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Re: linguistic analogy



>As I have mentioned before, if an organism or group is significantly 
>different from its ancestors and closest relatives, it *should* receive 
>its own taxon to demonstrate.  That doesn't mean, however, that it stops 
>belonging to all the groups its ancestors belonged to.

Agreed.  It is my (excedingly basic) understanding of taxonomy, that it
basically defines the geologic history of the group.  So your statement will
be correct regardless.

(snip)
>This is a lot easier to see with respect to dinosaurs and birds if one 
>stops conceiving of dinosaurs as a group as opposed to the birds and 
>begins seeing the dinosaurs as a collection of species, some of which are 
>sauropods, some of which are ceratopians...and some of which are birds.  
>Birds merely represent a small part of the evolutionary diversity of the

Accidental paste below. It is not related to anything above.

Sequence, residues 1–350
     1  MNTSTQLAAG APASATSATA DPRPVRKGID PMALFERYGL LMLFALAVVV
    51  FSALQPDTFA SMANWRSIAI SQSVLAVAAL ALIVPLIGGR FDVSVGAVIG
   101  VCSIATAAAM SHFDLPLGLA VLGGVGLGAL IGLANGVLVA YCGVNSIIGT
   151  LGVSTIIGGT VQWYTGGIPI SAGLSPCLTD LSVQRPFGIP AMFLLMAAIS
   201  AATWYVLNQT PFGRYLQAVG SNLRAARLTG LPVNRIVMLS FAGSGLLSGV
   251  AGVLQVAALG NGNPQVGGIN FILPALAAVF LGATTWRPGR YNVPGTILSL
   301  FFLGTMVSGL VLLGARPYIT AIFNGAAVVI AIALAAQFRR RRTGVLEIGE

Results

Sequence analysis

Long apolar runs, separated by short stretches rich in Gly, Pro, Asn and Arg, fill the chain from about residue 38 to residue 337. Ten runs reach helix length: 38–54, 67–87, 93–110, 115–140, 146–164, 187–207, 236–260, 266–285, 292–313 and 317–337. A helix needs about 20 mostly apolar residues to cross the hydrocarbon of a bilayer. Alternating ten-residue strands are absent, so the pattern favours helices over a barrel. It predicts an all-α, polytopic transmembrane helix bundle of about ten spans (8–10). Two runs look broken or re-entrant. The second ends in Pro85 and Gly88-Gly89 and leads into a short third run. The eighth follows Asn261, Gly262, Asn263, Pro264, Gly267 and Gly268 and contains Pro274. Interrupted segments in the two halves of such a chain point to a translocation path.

>Dinosauria.

One possible problem with this, is the breastbone seen in all bird species, but
not seen in any dinosaur (including Archy).  It is possible that this feature
succeeds in marking birds as "different enough" to place in their own category?

>BTW, do you seriously believe that whales are not as different from other 
>ungulates as birds are from other maniraptorans?

I thought that whales evolved from wolf-like carnivores?  How do ungulates fit
in this?

Assuming that whales did evolve from ungulates, I suggest that since there has
been no evolution of new features, just modification and reduction of previously
existing ones, then whales and ungulates to belong together.

Rob

***
The man who has everything ... should be quarantined!